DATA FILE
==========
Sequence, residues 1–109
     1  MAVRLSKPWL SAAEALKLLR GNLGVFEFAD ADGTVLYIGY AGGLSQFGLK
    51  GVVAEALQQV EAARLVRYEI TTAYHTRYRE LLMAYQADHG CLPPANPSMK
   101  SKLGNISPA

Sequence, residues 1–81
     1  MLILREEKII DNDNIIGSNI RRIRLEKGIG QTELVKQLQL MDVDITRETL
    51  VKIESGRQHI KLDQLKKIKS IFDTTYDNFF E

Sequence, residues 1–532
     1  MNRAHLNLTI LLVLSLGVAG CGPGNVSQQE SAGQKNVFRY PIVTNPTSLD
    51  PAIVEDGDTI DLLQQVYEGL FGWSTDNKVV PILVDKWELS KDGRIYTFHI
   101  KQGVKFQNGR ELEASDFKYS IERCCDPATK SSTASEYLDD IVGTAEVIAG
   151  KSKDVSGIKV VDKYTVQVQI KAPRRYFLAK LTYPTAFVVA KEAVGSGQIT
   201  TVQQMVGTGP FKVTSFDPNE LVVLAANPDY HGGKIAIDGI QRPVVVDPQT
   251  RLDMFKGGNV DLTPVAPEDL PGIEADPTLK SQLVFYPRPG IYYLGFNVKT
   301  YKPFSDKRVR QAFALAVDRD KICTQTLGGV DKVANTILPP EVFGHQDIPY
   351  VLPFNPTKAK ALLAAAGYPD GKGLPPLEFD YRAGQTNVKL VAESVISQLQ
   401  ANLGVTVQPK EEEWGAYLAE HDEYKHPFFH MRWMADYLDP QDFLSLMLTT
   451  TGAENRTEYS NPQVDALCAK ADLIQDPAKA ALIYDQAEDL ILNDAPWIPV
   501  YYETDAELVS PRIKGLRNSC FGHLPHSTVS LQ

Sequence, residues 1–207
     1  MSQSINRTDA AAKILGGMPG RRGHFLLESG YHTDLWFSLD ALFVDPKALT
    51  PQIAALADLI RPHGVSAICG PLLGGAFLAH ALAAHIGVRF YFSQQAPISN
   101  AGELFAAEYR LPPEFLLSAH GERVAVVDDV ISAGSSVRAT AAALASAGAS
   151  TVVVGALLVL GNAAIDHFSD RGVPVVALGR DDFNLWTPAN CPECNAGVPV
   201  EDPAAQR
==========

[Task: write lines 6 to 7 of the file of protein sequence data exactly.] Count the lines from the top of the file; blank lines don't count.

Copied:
     1  MLILREEKII DNDNIIGSNI RRIRLEKGIG QTELVKQLQL MDVDITRETL
    51  VKIESGRQHI KLDQLKKIKS IFDTTYDNFF E